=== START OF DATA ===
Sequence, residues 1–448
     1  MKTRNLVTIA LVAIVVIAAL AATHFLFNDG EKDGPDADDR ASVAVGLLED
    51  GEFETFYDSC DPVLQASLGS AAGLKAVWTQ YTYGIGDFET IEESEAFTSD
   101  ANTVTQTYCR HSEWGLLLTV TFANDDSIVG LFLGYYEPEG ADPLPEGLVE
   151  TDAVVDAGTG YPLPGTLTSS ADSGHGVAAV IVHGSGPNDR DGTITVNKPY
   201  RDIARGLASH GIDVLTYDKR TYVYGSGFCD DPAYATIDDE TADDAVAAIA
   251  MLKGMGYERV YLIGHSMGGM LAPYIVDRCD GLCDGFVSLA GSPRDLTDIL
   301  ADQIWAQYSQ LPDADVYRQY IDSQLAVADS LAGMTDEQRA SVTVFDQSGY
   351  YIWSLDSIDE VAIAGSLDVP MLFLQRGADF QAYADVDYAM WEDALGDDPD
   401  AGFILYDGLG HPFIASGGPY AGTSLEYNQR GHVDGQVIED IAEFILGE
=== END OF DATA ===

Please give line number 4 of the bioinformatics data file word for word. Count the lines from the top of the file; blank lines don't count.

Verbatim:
   101  ANTVTQTYCR HSEWGLLLTV TFANDDSIVG LFLGYYEPEG ADPLPEGLVE